Novel antiplatelet drug is effective at treating heart attacks in mice, say researchers
The novel nanoparticle delivered Mp6 peptide was able to inhibit thrombosis and reduce inflammation without increasing the risk of bleeding in mice after heart attacks.
Scientists have developed a novel drug and nanoparticle delivery system to inhibit thrombosis (the formation of blood clots) without increasing the risk of bleeding. The team suggest the novel therapeutic could minimise the adverse effects of current antiplatelet medications, used as part of recovery after a heart attack or stroke.
Researchers at the University of Illinois at Chicago (UIC) demonstrated their drug was effective at treating heart attacks in animal models, without causing excessive bleeding.
Xiaoping Du, UIC professor of pharmacology and regenerative medicine at the UIC College of Medicine, who led the research published in Science Translational Medicine, said: “Unfortunately, current antiplatelet medications prevent the blood clotting that cause heart attack and stroke but also disrupt platelets’ ability to stop bleeding if a blood vessel is torn. In some cases, severe bleeding can be life-threatening. The magic of this new drug is it prevents clots but does not make people prone to bleeding, which other drugs have failed to do.”
In a previous study, Du and colleagues identified that the integrin signalling mechanism involved in blood clotting did not require platelets to adhere to a wound to prevent bleeding. They developed a synthetic peptide (mP6) targeting the integrin signalling pathway that was able to prevent blood clotting, without causing bleeding. However, it was hindered by inefficient and impractical intracellular delivery.
In this latest study, the team developed a nanoparticle to deliver the mP6 peptide to platelets, the new peptide-derived nanoparticle drug is called M3mP6 high-loading peptide nanoparticle (HLPN). They then tested it in mice as a potential heart attack treatment.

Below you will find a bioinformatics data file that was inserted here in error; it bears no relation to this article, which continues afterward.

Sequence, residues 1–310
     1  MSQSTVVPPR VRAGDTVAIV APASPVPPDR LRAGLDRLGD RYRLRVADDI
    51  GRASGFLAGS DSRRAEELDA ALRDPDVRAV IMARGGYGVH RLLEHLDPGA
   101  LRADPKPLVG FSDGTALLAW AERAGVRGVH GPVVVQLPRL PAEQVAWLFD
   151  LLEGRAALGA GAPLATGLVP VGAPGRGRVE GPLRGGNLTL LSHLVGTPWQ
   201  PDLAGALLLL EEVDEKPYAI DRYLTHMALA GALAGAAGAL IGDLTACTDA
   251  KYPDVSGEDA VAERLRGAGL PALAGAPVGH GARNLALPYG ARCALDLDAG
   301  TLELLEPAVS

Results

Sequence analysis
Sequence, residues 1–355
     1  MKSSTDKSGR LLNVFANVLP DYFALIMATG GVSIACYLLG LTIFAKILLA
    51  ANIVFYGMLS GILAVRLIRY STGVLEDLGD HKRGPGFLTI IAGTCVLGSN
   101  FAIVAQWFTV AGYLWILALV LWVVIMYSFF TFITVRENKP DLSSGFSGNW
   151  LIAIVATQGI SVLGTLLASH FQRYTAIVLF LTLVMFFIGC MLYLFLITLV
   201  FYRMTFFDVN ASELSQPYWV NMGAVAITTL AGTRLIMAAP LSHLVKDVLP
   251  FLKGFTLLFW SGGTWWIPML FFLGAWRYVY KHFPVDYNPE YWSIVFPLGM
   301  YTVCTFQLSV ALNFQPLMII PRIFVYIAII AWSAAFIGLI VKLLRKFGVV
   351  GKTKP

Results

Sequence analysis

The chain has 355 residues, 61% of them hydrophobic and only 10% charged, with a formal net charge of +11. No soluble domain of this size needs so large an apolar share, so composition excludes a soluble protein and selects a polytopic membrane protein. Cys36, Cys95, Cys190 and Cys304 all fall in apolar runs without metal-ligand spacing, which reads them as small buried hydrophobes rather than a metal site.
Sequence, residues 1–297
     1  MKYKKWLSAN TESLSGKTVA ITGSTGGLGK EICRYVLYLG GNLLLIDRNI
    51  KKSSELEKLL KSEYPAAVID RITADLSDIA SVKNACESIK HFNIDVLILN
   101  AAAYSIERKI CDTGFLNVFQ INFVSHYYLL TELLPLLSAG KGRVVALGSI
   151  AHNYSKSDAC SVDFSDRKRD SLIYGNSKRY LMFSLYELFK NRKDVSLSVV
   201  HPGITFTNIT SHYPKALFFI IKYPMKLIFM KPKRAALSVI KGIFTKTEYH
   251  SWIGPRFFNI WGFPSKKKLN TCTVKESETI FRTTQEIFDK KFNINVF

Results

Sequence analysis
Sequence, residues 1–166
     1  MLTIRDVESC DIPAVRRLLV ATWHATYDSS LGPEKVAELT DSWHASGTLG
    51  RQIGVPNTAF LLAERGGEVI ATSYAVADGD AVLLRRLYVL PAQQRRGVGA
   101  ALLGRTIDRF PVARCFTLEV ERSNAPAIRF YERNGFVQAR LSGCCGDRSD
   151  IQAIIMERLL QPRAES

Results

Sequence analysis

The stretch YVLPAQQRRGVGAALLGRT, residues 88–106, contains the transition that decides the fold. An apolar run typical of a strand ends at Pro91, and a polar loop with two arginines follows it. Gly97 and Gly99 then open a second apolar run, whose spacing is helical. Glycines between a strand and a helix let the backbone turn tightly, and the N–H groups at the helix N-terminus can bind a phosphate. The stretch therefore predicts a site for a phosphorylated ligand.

Du explained that a heart attack can cause heart failure and death in two different ways: firstly, through initial damage by the clot blocking blood flow and oxygen supply, which can be treated via angioplasty, stent insertion and antiplatelet drugs; and secondly, when fresh blood flowing into the damaged heart tissue following the reopening of the artery triggers inflammation, causing leaks and clots in small blood vessels and further damage to the heart.
“This is called reperfusion injury,” Du said. “We were hopeful that this new drug, which does not cause blood vessel leaks, would help limit reperfusion injury and reduce the chance of heart failure and death, and our hypothesis was proved correct – we saw very promising results from our study.”
In the study, among the group of mice that received the injected treatment, there was reduced damage to the heart, reduced thrombosis and reduced inflammation. There also was improved heart function and improved survival. The HLPNs loaded with engineered mP6 also demonstrated therapeutic effects in a model of ischemia-reperfusion injury.
“It is very exciting to see such promising results in the lab and we hope to one day test this in humans,” Du concluded.